News: Are you shocked that during all of his playing seasons, Larry Bird never led the NBA in any significant statistical category save free throw shooting percentage?

No. When Larry Bird was playing, there was no such thing as this current fixation with statistics. With the exception of Wilt Chamberlain, who had an unhealthy obsession with his numbers, no NBA player has ever placed putting up high numbers on the top of their priority list.

Bird was not like Carmelo Anthony or James Harden, who just cared about scoring a ton of points. It’s not that Bird couldn’t accomplish it; it’s simply that he wasn’t the type of player to prioritize individual achievements over group efforts. Bird didn’t need to play hero ball because the 1984 Boston Celtics had Hall of Famers like Dennis Johnson, Kevin McHale, Robert Parish, and Cedric Maxwell (who isn’t a HoFer but is still a fine player). Bird entered the game with the intention of leading his side to victory.

Please stop focusing on the statistics; I want to win! Are you shocked that during all of his playing seasons, Larry Bird never led the NBA in any significant statistical category save free throw shooting percentage? Not so, as Larry Bird was playing with the intention of winning, which calls for distributing the ball and involving every player on the squad. He did, incidentally, top the NBA in minutes played on two occasions. That’s a big number in my opinion, especially for a star athlete.

Together with Bird, the Celtics’ Kevin McHale, Robert Parrish, and other outstanding scorers made up the best frontcourt in NBA history. Therefore, even though he grabbed more rebounds than he put up, Bird didn’t have to score all the points or collect all the rebounds. Bird had more than his fair share of assists, but he wasn’t required to handle the ball all the time because the Celtics had an excellent point guard in Dennis Johnson.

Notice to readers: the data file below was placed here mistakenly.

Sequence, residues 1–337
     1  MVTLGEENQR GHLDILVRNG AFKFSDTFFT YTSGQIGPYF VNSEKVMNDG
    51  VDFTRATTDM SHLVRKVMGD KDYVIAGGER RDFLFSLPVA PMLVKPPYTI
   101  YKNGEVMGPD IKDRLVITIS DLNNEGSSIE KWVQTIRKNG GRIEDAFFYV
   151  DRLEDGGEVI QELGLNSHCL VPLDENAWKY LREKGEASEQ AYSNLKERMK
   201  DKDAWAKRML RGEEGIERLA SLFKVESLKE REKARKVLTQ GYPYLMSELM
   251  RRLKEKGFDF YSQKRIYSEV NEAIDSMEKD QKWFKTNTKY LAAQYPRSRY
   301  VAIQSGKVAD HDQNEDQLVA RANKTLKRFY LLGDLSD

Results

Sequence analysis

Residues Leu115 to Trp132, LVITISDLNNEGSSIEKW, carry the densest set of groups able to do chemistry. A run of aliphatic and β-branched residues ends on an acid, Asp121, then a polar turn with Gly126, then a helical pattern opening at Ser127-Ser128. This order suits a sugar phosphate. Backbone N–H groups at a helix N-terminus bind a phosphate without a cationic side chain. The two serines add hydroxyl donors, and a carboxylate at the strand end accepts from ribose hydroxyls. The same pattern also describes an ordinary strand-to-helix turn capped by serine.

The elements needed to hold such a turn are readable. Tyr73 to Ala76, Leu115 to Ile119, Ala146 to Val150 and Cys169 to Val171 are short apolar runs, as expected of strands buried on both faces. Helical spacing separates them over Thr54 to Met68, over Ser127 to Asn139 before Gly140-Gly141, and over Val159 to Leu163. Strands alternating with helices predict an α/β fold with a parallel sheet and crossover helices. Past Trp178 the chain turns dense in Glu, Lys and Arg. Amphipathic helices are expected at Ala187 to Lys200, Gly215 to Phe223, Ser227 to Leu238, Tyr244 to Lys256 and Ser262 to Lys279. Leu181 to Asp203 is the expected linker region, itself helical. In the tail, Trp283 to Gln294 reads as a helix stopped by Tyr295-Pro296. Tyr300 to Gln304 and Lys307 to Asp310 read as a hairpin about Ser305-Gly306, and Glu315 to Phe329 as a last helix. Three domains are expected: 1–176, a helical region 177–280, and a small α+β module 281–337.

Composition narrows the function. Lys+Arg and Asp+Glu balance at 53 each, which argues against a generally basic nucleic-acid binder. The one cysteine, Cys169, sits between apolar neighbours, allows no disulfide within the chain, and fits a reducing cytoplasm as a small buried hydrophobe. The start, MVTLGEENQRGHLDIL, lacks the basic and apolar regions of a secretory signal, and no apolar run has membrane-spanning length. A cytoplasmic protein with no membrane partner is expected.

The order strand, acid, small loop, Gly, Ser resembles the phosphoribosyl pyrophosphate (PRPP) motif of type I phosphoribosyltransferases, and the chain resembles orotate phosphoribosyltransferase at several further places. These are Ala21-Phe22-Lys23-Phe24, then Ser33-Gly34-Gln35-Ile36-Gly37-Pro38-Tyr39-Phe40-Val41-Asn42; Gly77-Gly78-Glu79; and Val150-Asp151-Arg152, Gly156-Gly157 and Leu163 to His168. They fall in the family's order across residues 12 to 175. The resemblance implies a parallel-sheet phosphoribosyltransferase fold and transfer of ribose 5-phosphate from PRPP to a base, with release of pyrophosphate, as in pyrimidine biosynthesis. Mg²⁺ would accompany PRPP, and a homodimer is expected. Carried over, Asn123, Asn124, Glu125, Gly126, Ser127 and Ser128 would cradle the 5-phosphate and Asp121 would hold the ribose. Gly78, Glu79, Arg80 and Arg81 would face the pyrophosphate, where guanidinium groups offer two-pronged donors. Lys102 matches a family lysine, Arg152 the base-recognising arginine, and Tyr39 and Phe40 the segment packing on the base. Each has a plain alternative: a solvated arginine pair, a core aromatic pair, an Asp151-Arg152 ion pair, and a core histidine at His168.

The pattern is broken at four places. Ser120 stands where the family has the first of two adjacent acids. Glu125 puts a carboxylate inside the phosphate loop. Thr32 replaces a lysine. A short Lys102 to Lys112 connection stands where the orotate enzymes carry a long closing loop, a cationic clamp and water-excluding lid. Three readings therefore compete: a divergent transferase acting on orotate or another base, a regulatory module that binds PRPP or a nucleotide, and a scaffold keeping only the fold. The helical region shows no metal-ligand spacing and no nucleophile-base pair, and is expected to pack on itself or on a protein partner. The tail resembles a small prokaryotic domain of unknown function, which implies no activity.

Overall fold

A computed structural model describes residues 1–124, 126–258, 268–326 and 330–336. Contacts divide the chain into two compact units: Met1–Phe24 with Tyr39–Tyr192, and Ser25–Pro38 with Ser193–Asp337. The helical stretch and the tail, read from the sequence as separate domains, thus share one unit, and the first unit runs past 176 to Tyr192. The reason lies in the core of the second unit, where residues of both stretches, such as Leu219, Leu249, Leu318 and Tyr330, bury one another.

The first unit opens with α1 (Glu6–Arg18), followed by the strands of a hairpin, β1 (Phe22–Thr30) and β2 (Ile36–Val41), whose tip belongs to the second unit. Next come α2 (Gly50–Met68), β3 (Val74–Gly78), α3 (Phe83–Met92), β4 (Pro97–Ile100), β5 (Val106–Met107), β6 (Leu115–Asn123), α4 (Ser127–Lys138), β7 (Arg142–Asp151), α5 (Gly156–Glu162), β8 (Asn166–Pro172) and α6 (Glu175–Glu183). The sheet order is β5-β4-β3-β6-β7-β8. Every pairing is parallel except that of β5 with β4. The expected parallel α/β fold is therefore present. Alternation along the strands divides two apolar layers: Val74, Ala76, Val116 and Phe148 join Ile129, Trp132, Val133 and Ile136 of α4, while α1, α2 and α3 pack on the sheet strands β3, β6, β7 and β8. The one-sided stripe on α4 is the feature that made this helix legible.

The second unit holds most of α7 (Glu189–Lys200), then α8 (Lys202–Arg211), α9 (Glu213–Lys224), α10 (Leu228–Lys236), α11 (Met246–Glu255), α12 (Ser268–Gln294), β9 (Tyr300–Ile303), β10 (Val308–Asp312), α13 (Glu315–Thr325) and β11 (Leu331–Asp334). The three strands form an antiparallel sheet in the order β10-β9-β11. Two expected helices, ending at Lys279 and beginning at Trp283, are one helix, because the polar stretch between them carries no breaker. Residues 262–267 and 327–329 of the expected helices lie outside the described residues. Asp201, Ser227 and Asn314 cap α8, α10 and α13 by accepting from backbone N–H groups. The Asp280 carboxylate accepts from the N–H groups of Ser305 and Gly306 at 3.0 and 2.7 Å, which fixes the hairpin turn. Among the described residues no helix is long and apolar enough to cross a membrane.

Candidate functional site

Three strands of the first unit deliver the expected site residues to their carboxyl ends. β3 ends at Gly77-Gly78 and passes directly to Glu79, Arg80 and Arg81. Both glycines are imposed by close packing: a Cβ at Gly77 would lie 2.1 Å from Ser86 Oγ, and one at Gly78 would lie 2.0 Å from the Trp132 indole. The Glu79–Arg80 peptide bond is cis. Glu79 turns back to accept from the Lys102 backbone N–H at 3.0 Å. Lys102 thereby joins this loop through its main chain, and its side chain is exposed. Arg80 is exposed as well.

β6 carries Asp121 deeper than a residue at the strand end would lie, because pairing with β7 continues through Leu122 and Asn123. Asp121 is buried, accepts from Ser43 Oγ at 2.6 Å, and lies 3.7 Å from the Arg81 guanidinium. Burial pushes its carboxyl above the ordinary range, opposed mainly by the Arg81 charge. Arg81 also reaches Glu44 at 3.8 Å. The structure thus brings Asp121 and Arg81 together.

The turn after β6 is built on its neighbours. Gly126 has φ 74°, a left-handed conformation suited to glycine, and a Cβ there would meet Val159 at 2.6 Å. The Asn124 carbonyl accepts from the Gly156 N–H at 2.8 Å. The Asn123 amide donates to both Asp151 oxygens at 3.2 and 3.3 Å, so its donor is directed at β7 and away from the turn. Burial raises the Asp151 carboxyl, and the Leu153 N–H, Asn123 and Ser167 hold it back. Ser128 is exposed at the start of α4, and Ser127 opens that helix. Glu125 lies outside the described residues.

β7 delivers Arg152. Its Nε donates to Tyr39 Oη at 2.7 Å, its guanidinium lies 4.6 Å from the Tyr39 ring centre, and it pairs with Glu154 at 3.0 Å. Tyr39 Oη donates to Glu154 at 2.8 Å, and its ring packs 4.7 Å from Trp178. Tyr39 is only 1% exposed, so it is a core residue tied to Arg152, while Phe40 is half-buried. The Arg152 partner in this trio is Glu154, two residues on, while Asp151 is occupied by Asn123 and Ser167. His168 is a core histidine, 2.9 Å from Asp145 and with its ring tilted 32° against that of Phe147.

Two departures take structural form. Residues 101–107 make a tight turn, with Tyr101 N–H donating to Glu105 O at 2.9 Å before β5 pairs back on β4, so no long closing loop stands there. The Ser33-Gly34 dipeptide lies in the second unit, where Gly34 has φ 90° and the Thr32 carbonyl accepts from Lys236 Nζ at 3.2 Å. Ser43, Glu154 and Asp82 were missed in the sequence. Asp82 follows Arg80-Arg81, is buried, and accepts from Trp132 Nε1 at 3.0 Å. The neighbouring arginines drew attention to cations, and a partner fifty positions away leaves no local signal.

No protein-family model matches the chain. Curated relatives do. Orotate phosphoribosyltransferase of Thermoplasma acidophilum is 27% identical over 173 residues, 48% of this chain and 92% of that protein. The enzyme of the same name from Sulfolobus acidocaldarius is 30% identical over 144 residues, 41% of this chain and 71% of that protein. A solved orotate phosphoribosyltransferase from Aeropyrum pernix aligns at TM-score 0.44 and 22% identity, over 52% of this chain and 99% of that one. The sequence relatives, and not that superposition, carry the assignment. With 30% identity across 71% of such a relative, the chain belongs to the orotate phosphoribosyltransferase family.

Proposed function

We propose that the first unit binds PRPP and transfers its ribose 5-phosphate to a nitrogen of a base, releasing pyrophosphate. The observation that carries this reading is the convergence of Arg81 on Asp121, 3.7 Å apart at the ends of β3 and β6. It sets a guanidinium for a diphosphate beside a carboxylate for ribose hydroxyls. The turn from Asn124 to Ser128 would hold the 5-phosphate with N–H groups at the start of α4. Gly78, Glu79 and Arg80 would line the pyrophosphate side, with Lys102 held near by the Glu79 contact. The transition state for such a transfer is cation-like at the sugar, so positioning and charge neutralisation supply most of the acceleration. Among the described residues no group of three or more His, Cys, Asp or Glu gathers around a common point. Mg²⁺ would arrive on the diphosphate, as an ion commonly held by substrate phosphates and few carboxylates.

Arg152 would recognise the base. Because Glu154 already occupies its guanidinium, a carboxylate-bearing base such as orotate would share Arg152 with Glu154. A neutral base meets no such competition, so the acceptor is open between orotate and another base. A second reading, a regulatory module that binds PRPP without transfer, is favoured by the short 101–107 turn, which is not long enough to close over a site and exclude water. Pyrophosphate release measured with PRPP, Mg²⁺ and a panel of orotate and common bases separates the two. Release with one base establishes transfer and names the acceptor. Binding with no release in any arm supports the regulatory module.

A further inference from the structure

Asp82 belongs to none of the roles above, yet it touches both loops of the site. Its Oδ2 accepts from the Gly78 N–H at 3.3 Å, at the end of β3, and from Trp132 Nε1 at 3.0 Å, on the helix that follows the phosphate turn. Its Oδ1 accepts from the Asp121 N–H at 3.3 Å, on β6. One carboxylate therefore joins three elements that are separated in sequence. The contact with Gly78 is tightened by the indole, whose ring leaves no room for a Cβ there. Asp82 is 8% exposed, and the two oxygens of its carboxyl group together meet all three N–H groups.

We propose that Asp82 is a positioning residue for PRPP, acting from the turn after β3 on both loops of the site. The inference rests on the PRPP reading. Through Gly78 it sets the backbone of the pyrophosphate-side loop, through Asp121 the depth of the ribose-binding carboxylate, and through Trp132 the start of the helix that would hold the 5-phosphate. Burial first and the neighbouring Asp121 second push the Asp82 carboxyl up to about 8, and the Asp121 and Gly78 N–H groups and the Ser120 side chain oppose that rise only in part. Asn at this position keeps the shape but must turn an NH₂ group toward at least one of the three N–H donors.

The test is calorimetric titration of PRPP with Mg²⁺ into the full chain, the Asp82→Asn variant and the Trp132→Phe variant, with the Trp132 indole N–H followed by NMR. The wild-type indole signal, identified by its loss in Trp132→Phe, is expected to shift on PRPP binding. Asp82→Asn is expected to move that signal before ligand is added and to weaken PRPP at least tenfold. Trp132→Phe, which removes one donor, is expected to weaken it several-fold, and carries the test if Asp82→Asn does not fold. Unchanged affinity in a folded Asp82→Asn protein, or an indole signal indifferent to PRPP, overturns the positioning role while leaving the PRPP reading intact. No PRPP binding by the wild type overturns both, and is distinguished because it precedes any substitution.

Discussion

A composite stat is the most remarkable statistic about Larry Bird. No other big man was even close to that kind of scoring efficiency if it required volume outside shooting, as he made over 50% of his field goals five times, over 40% of his threes five times, and over 90% of his free throws five times. In addition, Bird’s clutch shots to win games are legendary. The fact that Larry Legend was the most well-rounded and proficient shooter of his time is what, in my opinion, made him stand out.

No other big guy rebounded better than he did playing inside, and no other man scored like he did from outside. The greatest shooting guards and power forwards combined to create Larry Bird. Furthermore, Larry Legend was known to be able to score almost whenever he pleased. He was renowned for approaching the opposing team, glancing to the bench to make sure no one could stop him, and then declaring that he would score forty, forty-eight, or some other ridiculous amount of points. And he would carry it out. Bird informed Kevin McHale that he ought to have scored 60 points after McHale broke his record for most points scored in a single game.

After a few games, Bird broke the mark with a 60-point performance. He realized that in order to lead his team to a championship, he had to distribute the ball and keep his teammates motivated even though he could score whenever he wanted to.

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